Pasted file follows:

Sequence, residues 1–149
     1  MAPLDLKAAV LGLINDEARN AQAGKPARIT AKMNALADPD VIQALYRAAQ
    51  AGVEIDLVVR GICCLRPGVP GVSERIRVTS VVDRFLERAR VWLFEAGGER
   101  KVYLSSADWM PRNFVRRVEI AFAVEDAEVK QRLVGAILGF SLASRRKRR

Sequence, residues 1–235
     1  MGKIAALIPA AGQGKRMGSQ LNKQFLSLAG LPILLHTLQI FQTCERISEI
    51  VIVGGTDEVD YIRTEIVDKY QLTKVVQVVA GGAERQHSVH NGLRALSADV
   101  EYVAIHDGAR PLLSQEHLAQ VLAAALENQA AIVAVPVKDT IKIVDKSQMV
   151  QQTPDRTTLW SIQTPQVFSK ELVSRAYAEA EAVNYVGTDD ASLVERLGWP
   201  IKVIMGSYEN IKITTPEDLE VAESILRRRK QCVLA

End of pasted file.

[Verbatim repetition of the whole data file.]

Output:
Sequence, residues 1–149
     1  MAPLDLKAAV LGLINDEARN AQAGKPARIT AKMNALADPD VIQALYRAAQ
    51  AGVEIDLVVR GICCLRPGVP GVSERIRVTS VVDRFLERAR VWLFEAGGER
   101  KVYLSSADWM PRNFVRRVEI AFAVEDAEVK QRLVGAILGF SLASRRKRR

Sequence, residues 1–235
     1  MGKIAALIPA AGQGKRMGSQ LNKQFLSLAG LPILLHTLQI FQTCERISEI
    51  VIVGGTDEVD YIRTEIVDKY QLTKVVQVVA GGAERQHSVH NGLRALSADV
   101  EYVAIHDGAR PLLSQEHLAQ VLAAALENQA AIVAVPVKDT IKIVDKSQMV
   151  QQTPDRTTLW SIQTPQVFSK ELVSRAYAEA EAVNYVGTDD ASLVERLGWP
   201  IKVIMGSYEN IKITTPEDLE VAESILRRRK QCVLA